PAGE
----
Thus, if that same ice cap were removed, the large areas of the frozen white continent would be flooded by the surrounding Antarctic Ocean or Southern Ocean. On the other hand, were the ice cap melts away too the surface of the land beneath it would rebound away through isostasy from the center of the Earth and that same land would rise above sea level. A large plateau in North America is the Colorado Plateau, which covers about 337,000 km2 in Colorado, Utah and New Mexico. In northern Arizona and southern Utah the Colorado Plateau is bisected by the Colorado River and the Grand Canyon. How this came to be is that over 10 million years ago, a river was there, though not on the same cours
Birkirkara is a town in the central region of Malta. It is the second most populous on the island, with 23,034 inhabitants as of March 2018; the city consists of four autonomous parishes: Saint Helen, Saint Joseph, Our Lady of Mount Carmel and Saint Mary. The city's motto is In hoc signo vinces, its coat of arms is a plain red cross, surmounted by a crown. Birkirkara means "cold water" or "running water"; this is attributed to the valley in the town. The name was written as Birchircara, as influenced by the Italian alphabet which excludes the use of the letter'K', it is abbreviated as B'kara/Kara. Birkirkara is situated in a valley, from where its name is derived, it is known for flooding on heavy stormy days. Several projects have been proposed; the area has received embellishment works from time to time. There are many places of interest in Birkirkara, amongst them the Old Railway Station, today located within a public garden. Trains were used as means of transportation across the island until the Railway's closure happened in 1931.
Other town features include the Wignacourt Aqueduct built in the 17th Century, St Helen's Basilica, housing Malta's largest church bell. Birkirkara is one of Malta's oldest towns and received mention in the 1436 Ecclesiastical Report mentioning the existing parishes in Malta and Gozo, from which Birkirkara emerged as the largest parish. Various parishes and suburbs developed out of Birkirkara over the years, including Sliema, St. Julian's, Msida, Ħamrun in the 19th century and Santa Venera in the early 20th century. In more recent years, San Ġwann and the hamlet of Ta' l-Ibraġ hived off Birkirkara to form part of the new parish and locality of Swieqi in 1993. Birkirkara's main religious feast is that of St Helen, celebrated on 18 August if it falls on a Sunday, or on the first Sunday after that date; the main event of the celebration is a procession with a large wooden statue carved by the Maltese master-sculptor Salvu Psaila. Notably, this is the only procession on the island carried out in the morning.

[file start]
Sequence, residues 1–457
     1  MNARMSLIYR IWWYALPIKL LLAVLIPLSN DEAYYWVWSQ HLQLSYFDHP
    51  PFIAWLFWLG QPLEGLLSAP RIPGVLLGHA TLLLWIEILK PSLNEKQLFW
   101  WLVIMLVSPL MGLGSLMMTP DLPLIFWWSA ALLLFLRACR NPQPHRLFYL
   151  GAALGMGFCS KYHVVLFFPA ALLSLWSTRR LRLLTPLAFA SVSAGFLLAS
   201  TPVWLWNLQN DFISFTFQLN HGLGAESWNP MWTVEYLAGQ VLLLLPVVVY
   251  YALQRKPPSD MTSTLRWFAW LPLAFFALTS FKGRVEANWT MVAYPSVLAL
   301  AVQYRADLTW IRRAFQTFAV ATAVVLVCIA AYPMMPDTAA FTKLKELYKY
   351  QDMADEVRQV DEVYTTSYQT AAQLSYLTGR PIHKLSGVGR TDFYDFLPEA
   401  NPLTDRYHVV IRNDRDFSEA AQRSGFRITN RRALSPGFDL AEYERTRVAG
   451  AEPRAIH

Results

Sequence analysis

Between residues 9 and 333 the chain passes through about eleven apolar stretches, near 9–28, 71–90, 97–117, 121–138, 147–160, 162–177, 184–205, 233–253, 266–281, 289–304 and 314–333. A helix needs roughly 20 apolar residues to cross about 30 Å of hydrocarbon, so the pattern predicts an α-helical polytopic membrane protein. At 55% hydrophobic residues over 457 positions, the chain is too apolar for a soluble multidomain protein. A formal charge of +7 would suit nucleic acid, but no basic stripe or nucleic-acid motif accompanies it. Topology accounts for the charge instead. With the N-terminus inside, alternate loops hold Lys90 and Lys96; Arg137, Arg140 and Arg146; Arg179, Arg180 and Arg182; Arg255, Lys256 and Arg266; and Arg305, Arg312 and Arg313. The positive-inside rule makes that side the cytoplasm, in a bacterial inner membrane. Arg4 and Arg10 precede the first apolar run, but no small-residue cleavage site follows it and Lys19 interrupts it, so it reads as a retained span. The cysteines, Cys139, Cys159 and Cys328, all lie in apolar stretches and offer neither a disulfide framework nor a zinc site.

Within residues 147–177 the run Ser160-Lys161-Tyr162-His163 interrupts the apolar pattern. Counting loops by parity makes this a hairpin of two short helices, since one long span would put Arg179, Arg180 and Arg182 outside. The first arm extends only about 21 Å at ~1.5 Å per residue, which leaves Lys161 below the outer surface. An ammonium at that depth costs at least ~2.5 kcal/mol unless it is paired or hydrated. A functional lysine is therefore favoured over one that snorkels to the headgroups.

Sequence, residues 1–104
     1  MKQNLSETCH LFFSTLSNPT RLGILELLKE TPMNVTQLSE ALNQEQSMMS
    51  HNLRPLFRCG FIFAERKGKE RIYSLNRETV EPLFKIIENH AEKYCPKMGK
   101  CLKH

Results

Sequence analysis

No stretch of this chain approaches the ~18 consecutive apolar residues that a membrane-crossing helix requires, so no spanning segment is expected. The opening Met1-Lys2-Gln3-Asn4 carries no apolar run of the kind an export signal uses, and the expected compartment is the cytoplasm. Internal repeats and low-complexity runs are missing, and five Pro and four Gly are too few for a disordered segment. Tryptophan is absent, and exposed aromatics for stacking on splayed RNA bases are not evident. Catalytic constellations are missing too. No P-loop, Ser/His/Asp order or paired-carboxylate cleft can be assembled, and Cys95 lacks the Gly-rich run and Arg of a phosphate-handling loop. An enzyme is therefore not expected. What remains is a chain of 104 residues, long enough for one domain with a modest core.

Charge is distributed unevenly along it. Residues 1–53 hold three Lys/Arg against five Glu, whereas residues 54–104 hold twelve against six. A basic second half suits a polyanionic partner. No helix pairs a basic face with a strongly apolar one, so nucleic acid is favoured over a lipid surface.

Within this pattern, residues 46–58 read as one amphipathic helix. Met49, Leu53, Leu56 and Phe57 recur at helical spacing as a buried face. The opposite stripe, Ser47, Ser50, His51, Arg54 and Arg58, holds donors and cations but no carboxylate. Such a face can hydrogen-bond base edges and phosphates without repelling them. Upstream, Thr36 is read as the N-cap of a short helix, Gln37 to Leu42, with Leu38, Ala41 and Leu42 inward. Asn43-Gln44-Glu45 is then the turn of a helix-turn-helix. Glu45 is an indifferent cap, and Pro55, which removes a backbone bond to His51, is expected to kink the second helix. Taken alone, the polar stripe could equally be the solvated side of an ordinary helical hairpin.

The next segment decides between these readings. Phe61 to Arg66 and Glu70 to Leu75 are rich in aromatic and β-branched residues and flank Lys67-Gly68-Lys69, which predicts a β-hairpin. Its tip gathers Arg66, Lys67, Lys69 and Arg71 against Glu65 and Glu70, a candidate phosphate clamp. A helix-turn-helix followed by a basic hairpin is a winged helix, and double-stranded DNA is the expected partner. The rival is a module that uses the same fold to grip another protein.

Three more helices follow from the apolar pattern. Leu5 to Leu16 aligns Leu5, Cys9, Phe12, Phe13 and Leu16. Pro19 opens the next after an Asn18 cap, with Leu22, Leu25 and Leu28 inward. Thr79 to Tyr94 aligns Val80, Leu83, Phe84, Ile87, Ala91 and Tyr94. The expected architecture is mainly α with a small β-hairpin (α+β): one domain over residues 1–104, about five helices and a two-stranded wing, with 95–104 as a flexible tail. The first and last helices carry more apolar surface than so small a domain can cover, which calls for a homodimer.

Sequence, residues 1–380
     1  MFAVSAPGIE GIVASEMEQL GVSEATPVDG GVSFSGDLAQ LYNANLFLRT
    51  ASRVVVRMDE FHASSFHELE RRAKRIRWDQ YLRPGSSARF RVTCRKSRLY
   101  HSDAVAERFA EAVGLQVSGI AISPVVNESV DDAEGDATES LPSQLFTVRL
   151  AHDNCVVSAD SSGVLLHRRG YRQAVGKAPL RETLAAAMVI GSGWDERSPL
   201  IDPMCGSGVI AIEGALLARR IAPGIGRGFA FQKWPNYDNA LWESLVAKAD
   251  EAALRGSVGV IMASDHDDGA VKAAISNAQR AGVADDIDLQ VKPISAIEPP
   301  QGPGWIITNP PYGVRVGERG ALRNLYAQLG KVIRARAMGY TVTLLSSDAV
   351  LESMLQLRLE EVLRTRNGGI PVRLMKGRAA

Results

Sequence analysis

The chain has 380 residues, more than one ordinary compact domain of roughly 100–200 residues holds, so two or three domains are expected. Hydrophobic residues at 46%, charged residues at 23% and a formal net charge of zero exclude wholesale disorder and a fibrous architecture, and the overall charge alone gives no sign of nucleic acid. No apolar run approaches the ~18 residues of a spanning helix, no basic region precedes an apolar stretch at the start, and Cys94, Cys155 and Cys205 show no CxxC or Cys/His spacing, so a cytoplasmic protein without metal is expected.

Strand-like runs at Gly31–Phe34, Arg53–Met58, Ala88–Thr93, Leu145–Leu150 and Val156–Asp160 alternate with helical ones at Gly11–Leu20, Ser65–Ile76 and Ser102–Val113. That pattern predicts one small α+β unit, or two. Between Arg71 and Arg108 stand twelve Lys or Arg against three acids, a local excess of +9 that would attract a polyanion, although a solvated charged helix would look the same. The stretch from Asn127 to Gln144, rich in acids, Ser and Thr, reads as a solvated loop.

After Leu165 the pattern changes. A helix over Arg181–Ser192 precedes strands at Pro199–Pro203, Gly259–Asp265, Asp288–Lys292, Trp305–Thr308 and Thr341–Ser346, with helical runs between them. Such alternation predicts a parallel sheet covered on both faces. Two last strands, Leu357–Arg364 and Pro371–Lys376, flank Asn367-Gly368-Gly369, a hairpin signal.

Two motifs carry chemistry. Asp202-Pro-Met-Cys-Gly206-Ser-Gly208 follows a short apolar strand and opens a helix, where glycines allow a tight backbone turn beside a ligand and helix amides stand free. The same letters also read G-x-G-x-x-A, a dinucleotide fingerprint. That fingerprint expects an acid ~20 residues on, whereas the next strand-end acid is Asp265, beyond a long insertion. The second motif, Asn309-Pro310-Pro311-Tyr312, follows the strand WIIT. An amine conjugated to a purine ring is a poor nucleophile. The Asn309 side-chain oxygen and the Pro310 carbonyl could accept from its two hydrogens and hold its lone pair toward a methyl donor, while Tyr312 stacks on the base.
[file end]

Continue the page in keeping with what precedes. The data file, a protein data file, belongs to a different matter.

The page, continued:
The procession leaves the basilica at 8:00 a.m. and returns to it at 10:45 am. The statue is lifted to shoulder-height by a group of townsmen and is carried through the main streets of the town. Birkirkara has grown into an important commercial centre as well as a densely populated residential area; some prominent buildings in the area are the Tal-Wejter Tower, the Wignacourt Aqueduct, Villa Lauri, Villa Chelsea, Saint Helen Palace, Band Clubs, Political Clubs, the Birkirkara Civic Centre, Ta' Ganu Windmill, amongst others. The Birkirkara Law Courts were built in the 19th century and the building has been converted into a house; as a busy town, Birkirkara has a high incidence of car accidents, topping the list for the third quarter of 2016. Birkirkara features a Csa Mediterranean climate under the Köppen climate classification. Birkirkara features dry hot summers; the city's temperature varies from 10.3 to 30.7 °C during the course of a year. The current Birkirkara local council members are: Joanne Debono Grech Rita Borg Michael Fenech Adami Kaylocke Buhagiar Liam Gauci Josianne Cardona Gatt Mark Abdilla Anthony Buttigieg John Mary Calleja Herbert Conti John Mizzi Marie Claire Zammit John Borg Carmen Grech Our Lady of Mount Carmel Parish Church, Triq Fleur-de-Lys, Fleur-de-Lys Our Lady, Mother of the Church Parish Church, Triq il-Graffiti Navali, Swatar St. Joseph the Worker Parish Church, Triq il-Bwieraq St. Helen's Parish Church, Triq is-Santwarju St. Mary's Parish Church, Triq il-Knisja l-Qadima Our Lady of Victory Parish Church, Triq il-Vitorja Birkirkara Local Council, Triq Tumas Fenech Birkirkara District Police Station, Triq il-Kbira Birkirkara Malta Labour Party Club, Triq Fleur-de-Lys Birkirkara Partit Nazzjonalista Club, Triq Fleur-de-Lys Birkirkara Branch Post Office, Triq il-Wied Birkirkara Sub-Post Offices at: Triq Mannarino.
The latter is, however surpassed by Birkirkara F. C. led by Adrian Delia. Birkirkara F. C. have a good record in UEFA Europa League when compared to other Maltese teams, having beaten West Ham United F. C. at a point, only to be eliminated from 2015-16 UEFA Europa League on penalties. Birkirkara eliminated Heart of Midlothian in the 2016-17 UEFA Europa League. Birkirkara Football Club Birkirkara Ultras 1997 Birkirkara St. Joseph Sports Club